Competition is ultimately good for consumers and after seeing Ford’s upcoming 2021 Mach-E leak all over the internet, it looks like Tesla are finally going to get some competition.
There’s a number of startups like Rivian, Faraday Future, Lucid Motors and NIO to name a few. There’s also a number of legacy brands that are talking a big game, but few actually have products in the market, or a believable trajectory to ship Evs in a serious way.
Ford’s Mustang-inspired all-electric SUV should give the Tesla Model Y some real competition and that’s fantastic. Ultimately competition encourages manufactures to fight for your dollars and the net result should be a better car for less money over time.
The Ford Mach-E showed up on Ford’s website this afternoon and showed many of the important details that were supposed to be secret until their big unveiling event early next week. So now a number of photos are out and the most important performance and range metrics are known, let’s talk about them.
When we heard the SUV was going to be Mustang-inspired, it was naturally going to take cues from the famous Mustang taillights, and featuring the pony badge rather than the blue oval lets you know if comes from their performance division.
In this transition to electric vehicles, the Mustang is an interesting place to start. I know Ford had a Focus Electric, I was at the launch, but it never shipped to Aus, nor did it take the market by storm, so that makes the decision to select a flagship product like the Mustang to convert to EV (at least an SUV version) and important choice for Ford.
The front looks bold, but certainly won’t be everyone’s cup of tea. It has a lot of vertical surface area, which is unlikely to be very aerodynamically efficient. The finish in the feature photos makes the car look very plastic, but that may be attributable to paint finish, lighting or just a bad photo.
The big muscular lines in the bonnet are there, however not really followed through the rear hips of the vehicle. The shot of the roof reveals at least one of the models will have a glass roof, not unsimilar to what Tesla offer, to provide a more light and open feel in the cabin, as well as additional headroom.
The internal design shows a large vertical display, replacing the knobs and dials we’ve been told for years that Ford customers demanded. I agree with the decision to ditch these as the job of internationalisation is made dramatically easier by doing region-specific customisation through software.
The primary screen doesn’t look like it faces the driver at all, enabling the passenger and those in the rear seat, a great view of the content. There is a supplementary widescreen in front of the wheel, to replace the instrument cluster.
Ford is famous for revolutionising the vehicle manufacturing workflow, but in this century, it’s unclear if they can build new production lines that rival the end-to-end chain of raw product in, car out, that founder Henry Ford pioneered.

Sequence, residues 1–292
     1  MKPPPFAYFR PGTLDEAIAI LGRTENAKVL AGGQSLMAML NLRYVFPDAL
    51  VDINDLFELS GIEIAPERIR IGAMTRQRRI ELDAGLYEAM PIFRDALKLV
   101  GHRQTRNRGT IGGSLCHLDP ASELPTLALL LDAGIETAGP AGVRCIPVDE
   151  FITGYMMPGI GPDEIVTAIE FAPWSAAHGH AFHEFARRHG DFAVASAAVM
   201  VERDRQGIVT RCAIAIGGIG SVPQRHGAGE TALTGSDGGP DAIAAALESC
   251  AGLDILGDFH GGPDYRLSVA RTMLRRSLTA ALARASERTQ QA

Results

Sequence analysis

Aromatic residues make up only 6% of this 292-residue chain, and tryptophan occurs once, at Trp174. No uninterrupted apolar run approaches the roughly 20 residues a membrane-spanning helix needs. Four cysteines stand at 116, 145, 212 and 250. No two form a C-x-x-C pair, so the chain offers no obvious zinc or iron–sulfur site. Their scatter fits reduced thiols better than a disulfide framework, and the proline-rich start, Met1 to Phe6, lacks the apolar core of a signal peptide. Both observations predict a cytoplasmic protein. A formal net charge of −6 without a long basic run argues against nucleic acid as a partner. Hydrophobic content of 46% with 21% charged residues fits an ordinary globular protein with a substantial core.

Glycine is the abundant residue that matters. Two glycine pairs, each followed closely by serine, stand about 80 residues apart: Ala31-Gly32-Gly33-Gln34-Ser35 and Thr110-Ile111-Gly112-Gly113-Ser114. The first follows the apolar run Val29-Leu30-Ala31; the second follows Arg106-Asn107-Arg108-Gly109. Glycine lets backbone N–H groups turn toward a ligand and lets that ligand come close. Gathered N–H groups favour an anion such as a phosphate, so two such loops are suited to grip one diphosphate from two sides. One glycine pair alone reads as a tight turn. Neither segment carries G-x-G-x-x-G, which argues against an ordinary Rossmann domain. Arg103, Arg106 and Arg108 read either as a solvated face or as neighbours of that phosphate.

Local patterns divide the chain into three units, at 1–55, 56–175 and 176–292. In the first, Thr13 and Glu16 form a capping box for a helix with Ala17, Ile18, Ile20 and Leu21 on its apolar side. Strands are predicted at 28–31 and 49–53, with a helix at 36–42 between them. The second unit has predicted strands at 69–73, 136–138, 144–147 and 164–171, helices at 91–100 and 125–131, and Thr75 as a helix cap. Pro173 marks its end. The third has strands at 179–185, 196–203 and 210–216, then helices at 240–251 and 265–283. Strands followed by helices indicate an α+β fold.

With global distribution of a number of nameplates (the Focus for example) and the top selling F150 in the US, Ford are one of the most resource-rich companies but EV resets almost everything.
Producing an electric vehicle firstly means you need batteries and lost of them. Where Ford will source their batteries from is still unknown for now, but if you want to ship these in any serious volume, you need to secure an ongoing supply of batteries, or even better, make your own, although that path is insanely expensive.
Add to that the cost of developing electric motors and new driver assists that work on a completely different drivetrain than you’re used to.
The car is said to have a mid-3 second acceleration time from 0-60mph (or 0-100km/hr). Sure you’ll have to ask the kids to get out, but that level of acceleration would be seriously impressive.
The car comes in 5 versions – Select, California RT.1, Premium, First Edition and GT. Certainly, don’t be surprised if not all of them make it to Australia.
The lower tiers are offered with RWD as the default and AWD as an option, but nowhere does it say the AWD is achieved by dual-motors. We’ll have to wait for the official launch for that confirmation as well as any detail on the autonomous or safety systems in the car.
The peak power output for the GT simply lists ‘coming soon’ which isn’t entirely surprising given the estimate arrival date in March 2021 for that version.
The Mach-E comes in a number of trims, with the GT edition capable of 300 miles, or around 480km of range. By way of comparison, the Model Y is rated (WLTP) at 540km of range. Having over 400kms, this is a serious competitor as many customers need to have a car the provides the ability to drive those distances.
This week I drove my Model 3 to Melbourne from Wodonga (around 350km) on a single charge and still had enough battery to drive around when I got there. It’s these kind of trips that are real-world use cases that have to be supported by the battery size and efficiency.
So how much can you expect to pay for the Ford Mach-E, that depends on the model you choose, but ranges from US$43,895 to US$60,500. Translate that to Aussie dollars and you’re talking $64,446.02 + GST of 10% and you’re starting at $70,890.622 before state taxes and other on-road costs.
Thankfully that means there’s a chance the Mach-E could sneak in under the $75,526 luxury car tax threshold for fuel-efficient vehicles. The top-end GT model is likely to cost A$88,825.25 + 10% GST, making it $97,707.77 before on-roads. That certainly will attract LCT which I still hope the government dumps for EVs.